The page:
Remember when epics were epic?
It wasn't that they were hard to get. It wasn't that they were rare. It was that they were clear, significant upgrades and they tended to last a while.
Now we have a dozen heroics which give badges with which we can buy better gear. We have multiple raids which could potentially give upgrades. The sizes of upgrades appear smaller, since they're not so clearly separated. There are differences of around 15 ilevels between different areas. This means you're going to see lots of upgrades. Any slot has a dozen different upgrades of varying size. The result is that upgrades are not major steps up, but more marginal. 180 DPS weapons to 200 to 220 to 230 to 250 and so on.
This has a good side: you can get better gear without needing extraordinary amounts of luck. You're not going to run ToC for six months and never see a weapon or tier piece. Maybe you won't get the drop you really wanted, but the odds aren't bad that you'll get something better in some slot.
The downside is that upgrades lose some of their thrill. It went from winning big now and then to constant small changes. There just isn't as much magic in that. It's a savings account which will eventually have a million dollars compared to winning the lottery. The first is the better idea for a life plan, but for a game? In a game I want thrills, however irrational they might be. It's a game after all, not life.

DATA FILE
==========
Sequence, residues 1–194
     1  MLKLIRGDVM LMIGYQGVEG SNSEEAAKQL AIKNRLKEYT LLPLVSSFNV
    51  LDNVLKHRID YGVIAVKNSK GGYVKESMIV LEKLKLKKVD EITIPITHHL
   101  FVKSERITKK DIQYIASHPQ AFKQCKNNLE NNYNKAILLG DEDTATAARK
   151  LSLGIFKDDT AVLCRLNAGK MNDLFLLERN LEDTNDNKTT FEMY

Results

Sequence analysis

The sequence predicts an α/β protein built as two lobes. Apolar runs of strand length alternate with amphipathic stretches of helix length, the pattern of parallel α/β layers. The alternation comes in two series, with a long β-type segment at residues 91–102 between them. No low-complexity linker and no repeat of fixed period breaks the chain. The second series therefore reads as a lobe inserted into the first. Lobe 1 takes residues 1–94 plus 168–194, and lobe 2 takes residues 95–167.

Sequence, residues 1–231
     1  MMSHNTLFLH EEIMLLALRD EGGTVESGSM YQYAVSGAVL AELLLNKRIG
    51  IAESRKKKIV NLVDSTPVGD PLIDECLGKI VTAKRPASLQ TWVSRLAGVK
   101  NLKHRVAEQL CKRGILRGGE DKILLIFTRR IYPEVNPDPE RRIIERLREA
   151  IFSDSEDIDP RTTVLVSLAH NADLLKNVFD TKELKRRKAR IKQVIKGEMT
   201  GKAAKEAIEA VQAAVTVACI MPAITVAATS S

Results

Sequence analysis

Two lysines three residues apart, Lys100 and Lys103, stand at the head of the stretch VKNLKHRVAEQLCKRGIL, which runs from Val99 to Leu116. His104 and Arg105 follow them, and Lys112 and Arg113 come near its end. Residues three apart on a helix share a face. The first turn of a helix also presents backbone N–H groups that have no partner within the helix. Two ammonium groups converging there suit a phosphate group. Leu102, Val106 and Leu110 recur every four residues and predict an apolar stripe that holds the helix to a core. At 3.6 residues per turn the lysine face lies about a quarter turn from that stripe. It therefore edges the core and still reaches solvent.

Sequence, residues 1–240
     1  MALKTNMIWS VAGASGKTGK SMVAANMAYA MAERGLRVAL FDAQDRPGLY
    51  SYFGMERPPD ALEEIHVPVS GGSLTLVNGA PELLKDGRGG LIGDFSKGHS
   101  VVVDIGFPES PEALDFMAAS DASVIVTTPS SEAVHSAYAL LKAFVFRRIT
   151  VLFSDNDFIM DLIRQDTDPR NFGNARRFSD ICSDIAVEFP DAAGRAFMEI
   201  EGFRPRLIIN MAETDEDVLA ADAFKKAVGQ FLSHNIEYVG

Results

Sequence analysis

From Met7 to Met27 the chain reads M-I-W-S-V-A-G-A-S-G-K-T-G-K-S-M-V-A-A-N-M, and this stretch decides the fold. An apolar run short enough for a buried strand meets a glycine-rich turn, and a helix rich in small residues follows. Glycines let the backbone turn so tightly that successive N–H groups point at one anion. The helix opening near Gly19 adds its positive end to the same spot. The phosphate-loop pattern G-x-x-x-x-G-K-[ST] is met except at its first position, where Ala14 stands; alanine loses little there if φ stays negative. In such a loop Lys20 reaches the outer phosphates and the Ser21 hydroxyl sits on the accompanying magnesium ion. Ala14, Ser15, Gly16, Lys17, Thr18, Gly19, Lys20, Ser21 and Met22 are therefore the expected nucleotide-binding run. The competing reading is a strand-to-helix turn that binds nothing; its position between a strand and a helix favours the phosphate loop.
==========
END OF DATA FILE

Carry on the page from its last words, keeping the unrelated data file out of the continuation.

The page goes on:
What is to be done? I'd wipe out every other ilevel jump, bumping the gear at that level up or down. The problem with this is that Blizzard has two concepts which oppose it: alternate progression and rewarding bigger groups. We can't bump the 5-man up a tier and we can't bump 10-man up to 25-man level. But we can't just knock 5-mans and 10-mans way down because there is meant to be alternative progression, to get somewhere even with smaller groups. The result is a lot of baby steps of gear.
What would I do? I'd knock away the "bigger groups automatically get better" philosophy. Is it harder to organize bigger groups? Sure. So what? It's also harder to get gems and consumables on low pop servers, but you don't see higher level drops for them. As a compromise, make larger raid sizes drop more gear, slightly past the ratio of 25/10 group sizes, so they are faster gear but not better. This way to gear up faster, you run more content but to gear up better, you do whichever size suits you best.
The goal isn't to make loot more rare but instead to make it more significant. We'd still see multiple ways to obtain loot, but the loot itself would be more clustered in quality. The overall effect would be to make the current tier of loot last longer, but when you do get to the next, it will be more significant. This would happen just as fast as currently, maybe even slightly faster (since the middle gear was moved up or down), it would appear as if there was less gear because the middle steps would be gone.
D&D 5E House Rules: Randomness
1 hour ago